For the next five years, companies will use software as their marketing tool. Some companies have started to take this initiative. Ultimaker’s new Cura connect is a good example of how a manufacturer uses software to reach more customers, in this case, businesses that manage multiple printers. In my opinion this should be a wake up call for other manufacturers.
Other companies are creating their own ecosystems, like Tumaker. This company aims to simplify the printing experience and use unique content to attract home users into buying their printers. New Matter and XYZ are also good examples.
I believe more companies will jump on this trend and use content to target different niches of people. In addition, selling content or other services is a way for manufacturers to generate more revenue.
However, for companies to do this, they need a sophisticated and stable cloud infrastructure that allows the printer to be connected to printable content. A user-friendly infrastructure that syncs the printer with multiple devices and that finally ends with the hustle of downloading files and sending them to your printer.
The problem is that manufacturers can’t afford to build and maintain this type of infrastructure on their own. Many companies have tried but they underestimated the costs of building their own software stacks. Tiko is the latest example that proves the need for a standardized platform. Just like how phone manufacturers ship their phones with Android, or how computer manufacturers ship their computers with Microsoft OS, 3D printing manufacturers need a low-cost operating system to ship their printers with it.
AstroPrint is filling this need, providing manufacturers with a low-cost software infrastructure that distributes content to their printers and that they can customize to fit their hardware needs. In the next five years, as 3D printers integrate with a standardized cloud platform, manufacturers will discover new opportunities to partner with developers and content providers to increase sales.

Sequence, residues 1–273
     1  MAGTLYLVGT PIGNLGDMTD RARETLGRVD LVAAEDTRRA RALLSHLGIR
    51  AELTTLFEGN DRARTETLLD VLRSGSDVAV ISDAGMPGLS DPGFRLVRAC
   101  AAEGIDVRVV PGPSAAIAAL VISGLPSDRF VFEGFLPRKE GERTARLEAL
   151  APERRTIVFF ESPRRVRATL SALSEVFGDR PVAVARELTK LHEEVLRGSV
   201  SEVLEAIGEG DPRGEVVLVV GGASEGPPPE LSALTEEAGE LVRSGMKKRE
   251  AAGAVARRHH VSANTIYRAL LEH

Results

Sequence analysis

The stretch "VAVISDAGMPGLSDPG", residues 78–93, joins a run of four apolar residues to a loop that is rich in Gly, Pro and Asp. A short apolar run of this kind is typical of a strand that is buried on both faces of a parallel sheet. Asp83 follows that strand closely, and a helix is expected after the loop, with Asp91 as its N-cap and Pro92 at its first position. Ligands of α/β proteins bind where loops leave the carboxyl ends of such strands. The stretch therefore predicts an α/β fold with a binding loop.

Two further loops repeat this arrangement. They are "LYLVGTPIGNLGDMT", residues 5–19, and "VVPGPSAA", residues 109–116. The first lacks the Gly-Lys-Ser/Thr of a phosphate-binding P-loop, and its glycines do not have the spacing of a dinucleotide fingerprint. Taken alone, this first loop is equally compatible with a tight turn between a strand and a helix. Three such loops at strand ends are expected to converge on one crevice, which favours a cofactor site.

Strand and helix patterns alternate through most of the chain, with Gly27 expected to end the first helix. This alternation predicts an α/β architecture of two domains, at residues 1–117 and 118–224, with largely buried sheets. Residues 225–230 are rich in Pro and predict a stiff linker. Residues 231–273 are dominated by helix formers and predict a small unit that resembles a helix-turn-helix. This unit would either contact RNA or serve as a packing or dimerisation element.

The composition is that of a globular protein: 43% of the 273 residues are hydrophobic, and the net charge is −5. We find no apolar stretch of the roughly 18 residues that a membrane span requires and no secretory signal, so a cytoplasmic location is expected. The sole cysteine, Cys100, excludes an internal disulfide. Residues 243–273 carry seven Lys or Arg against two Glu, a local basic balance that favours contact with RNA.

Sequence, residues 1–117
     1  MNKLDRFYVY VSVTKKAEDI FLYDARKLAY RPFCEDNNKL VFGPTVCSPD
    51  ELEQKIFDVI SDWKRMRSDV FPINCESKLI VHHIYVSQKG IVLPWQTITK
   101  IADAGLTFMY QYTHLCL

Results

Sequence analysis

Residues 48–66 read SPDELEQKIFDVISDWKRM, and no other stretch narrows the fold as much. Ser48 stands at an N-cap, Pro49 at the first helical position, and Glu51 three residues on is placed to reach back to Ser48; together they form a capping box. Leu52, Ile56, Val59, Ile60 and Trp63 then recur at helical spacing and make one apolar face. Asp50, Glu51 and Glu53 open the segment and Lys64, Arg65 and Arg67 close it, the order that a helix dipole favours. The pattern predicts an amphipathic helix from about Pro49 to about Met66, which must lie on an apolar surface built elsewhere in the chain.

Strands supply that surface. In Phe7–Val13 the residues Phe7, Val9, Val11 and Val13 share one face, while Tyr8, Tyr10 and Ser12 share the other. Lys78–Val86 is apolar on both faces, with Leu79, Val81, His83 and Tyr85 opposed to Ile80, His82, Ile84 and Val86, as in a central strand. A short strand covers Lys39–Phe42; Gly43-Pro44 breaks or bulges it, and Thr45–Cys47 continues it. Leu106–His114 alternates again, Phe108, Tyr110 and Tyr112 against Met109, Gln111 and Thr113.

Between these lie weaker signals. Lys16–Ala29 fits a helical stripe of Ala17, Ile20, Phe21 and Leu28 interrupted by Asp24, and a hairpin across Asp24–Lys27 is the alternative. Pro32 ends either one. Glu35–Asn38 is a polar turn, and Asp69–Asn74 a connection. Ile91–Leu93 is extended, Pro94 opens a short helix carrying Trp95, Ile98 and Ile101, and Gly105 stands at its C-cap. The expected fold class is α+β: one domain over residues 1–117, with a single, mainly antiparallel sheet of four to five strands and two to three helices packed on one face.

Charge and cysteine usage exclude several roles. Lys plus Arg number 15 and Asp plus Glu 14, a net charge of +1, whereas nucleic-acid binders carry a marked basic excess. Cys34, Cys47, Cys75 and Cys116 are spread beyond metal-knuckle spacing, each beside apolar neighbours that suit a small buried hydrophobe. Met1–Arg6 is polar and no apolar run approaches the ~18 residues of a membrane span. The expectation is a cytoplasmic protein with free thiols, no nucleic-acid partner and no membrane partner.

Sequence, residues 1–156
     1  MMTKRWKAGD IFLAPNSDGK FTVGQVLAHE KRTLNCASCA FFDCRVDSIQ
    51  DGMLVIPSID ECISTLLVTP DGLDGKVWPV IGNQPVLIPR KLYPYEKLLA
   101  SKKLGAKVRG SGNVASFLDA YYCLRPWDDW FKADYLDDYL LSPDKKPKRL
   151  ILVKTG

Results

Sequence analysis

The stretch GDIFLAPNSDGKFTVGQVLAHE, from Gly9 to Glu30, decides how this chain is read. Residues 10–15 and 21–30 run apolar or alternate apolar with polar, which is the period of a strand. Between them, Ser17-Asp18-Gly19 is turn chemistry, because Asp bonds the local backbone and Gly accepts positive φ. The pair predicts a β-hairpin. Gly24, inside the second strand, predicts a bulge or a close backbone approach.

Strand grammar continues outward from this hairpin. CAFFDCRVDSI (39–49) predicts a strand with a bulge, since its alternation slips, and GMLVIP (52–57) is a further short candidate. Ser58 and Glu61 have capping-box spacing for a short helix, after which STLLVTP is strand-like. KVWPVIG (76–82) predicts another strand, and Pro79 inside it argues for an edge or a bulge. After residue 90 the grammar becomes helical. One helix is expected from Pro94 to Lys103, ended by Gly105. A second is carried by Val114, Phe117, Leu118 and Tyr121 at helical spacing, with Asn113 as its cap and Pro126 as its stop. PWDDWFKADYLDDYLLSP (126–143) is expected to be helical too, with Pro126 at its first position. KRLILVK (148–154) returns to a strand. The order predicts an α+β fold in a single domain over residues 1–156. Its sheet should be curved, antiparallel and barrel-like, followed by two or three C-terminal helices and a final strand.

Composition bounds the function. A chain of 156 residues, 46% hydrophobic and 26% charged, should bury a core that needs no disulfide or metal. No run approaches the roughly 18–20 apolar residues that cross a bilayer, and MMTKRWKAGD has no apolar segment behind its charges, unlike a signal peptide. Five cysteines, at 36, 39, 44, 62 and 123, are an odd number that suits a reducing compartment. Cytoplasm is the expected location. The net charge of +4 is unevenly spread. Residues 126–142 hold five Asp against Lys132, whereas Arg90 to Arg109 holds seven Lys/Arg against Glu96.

With an infrastructure like this, manufacturers can create applications like the ToyMaker App, to market their printers to parents that want to print toys for their kids. Or create applications with educational content to sell to schools. Or applications for architects, medical, industrial use, the food industry, etc.
3D printing predictions for the next 5 years
While hardware innovations are still needed, software is what will drive mass adoption in the five years.
The days in which 3D printer manufacturers try to build their own software stack from scratch are over. Within five years, 80% of desktop 3D printers will ship with cutting-edge software technology at low cost.
The adoption of a standardized platform is the glue for this still fractionated industry and will encourage software developers, content providers and manufacturers to work together.
Manufacturers need to show people what they can do with their printers. Content sells 3D printers and manufacturers that learn to take advantage will be well positioned to ride the next wave of customers.
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This is a guest post in our series looking at the future of 3D Printing, if you’d like to participate in this series then contact us for more information.